However, earlier this summer, France’s data protection regulator, the CNIL, sent us a formal notice ordering us to delist links not just from all European versions of Search but also from all versions globally. That means a removal request by an individual in France, if approved, would not only be removed from and other European versions of Google Search, but from all versions of Google Search around the world.

This is a troubling development that risks serious chilling effects on the web.

While the right to be forgotten may now be the law in Europe, it is not the law globally. Moreover, there are innumerable examples around the world where content that is declared illegal under the laws of one country, would be deemed legal in others: Thailand criminalizes some speech that is critical of its King, Turkey criminalizes some speech that is critical of Ataturk, and Russia outlaws some speech that is deemed to be “gay propaganda."

If the CNIL’s proposed approach were to be embraced as the standard for Internet regulation, we would find ourselves in a race to the bottom. In the end, the Internet would only be as free as the world’s least free place.

We believe that no one country should have the authority to control what content someone in a second country can access. We also believe this order is disproportionate and unnecessary, given that the overwhelming majority of French internet users—currently around 97%—access a European version of Google’s search engine like, rather than or any other version of Google.

As a matter of principle, therefore, we respectfully disagree with the CNIL’s assertion of global authority on this issue and we have asked the CNIL to withdraw its Formal Notice.

We have worked hard to strike the right balance in our implementation of the European Court’s ruling and have maintained a collaborative dialogue with the CNIL and other data protection authorities, who agree with our decisions in the majority of cases referred to them. We are committed to continuing to work with regulators in this open and transparent way.

Throughout history, Europe has been a hotbed of culture, imagination and natural beauty. At Google we’re keen to share these elements with the world through our maps, so over recent months we’ve been taking all manner of Street View technologies—Trekkers, Trolleys and tripods—to capture some incredible places across the continent, focusing this time on Central and Eastern Europe. Here are a few highlights for you to explore:

Floating down the Danube river in summertime is a wonderful thing. But now you can also check out some of Hungary’s hidden gems in Google Maps. Take a look inside the National Theatre of Pécs and explore the beautiful Basilica of Eger, the second largest church in the country. In the capital, Budapest, you can walk among the trees and rose bushes in the little-known but spectacular botanical garden near the centre of town, or even climb a hill to get away from it all.

Czech Republic
If you’re lucky enough to have been to Prague, you may have seen the fairytale sight of Prague Castle from the medieval Charles Bridge. They’re too good to miss, so we added these sites and almost 30 others in Czech Republic to Street View including the gardens of the Prague Castle, Prague’s historic center, interiors of castles such as Cesky Krumlov and Spilberk, and beauty spots like Ceske Svycarsko and Krkonose National Park.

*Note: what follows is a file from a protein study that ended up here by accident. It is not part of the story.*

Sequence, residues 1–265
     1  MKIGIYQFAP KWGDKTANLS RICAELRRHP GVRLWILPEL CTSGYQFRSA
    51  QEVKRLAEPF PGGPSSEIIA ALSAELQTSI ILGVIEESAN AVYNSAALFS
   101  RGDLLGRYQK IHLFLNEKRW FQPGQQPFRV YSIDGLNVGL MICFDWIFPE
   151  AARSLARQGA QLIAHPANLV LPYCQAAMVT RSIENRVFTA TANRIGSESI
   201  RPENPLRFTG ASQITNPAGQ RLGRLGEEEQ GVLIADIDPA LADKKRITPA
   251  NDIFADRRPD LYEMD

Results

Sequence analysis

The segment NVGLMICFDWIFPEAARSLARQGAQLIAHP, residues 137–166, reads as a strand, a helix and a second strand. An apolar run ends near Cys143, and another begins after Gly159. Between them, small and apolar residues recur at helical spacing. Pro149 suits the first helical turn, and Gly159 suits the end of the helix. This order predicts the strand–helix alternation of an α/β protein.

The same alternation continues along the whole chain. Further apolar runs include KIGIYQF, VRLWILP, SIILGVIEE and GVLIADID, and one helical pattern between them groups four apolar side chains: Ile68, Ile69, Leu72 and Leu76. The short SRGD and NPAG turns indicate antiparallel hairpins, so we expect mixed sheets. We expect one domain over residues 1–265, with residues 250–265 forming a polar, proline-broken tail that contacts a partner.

In Slovakia, we’ve just released images of heritage sites like this wooden protestant church in Kezmarok and national parks like Velka Fatra and Pieniny. To get a feel for the history of the country, why not check out Branc Castle or Draskovic Castle in Cachtice? From the high turrets and battlements of the castles, you can then take a trip below ground and visit Dobsinska Ice Cave and Ochtinska Aragonite Cave which we added last year.

And finally, sink 100 meters deep into one of the most breathtaking places beneath the earth: the Turda Salt Mine, in Cluj County, Romania. Tourists around the world can take a tour of the mine—which is more than 200 years old—with our high-resolution imagery, from the comfort of their homes.

We hope you enjoy discovering some of the delights of Europe as much as we did.


Thank you for that kind introduction. I’m delighted to be back in Barcelona and to speak for the first time at a Global Editors Network summit.

The last time I gave a major speech at a news industry event was nearly five years ago - that was at the World Association of Newspapers conference in Hyderabad. I’m sure some of you were there.

In preparing for today I took a look back at that speech. Here’s a little of what I said.

“Imagine we're in 2015, and [this phone] is a piece of technology which delivers me my news."

"I can flip through my favorite papers and magazines without a frustrating wait for each new page to load. Even better, it knows who I am, what I like and what I've already read. So the stories that appear are tailored to my interests and needs."

"There’s an interesting piece in Egypt's Al-Ahram, translated automatically from Arabic to English. A story pops up about great restaurants in Hyderabad. I tap my finger on the screen, to tell the computer it got that bit right!"

"Some of these stories will be part of my monthly news subscription package. Some - where the free preview draws me in - will cost a few pennies billed to my account. Others will be free, paid for by advertisements.”

NOT BAD - if I say so myself!

It sounded a bit like science fiction just five years ago, but most if not quite all of that has come to pass. For the user consuming news online, the advances of the last five years have been truly momentous. The lightning fast move to mobile has challenged us all. And the quality and ambition of journalism just seems to get higher every year.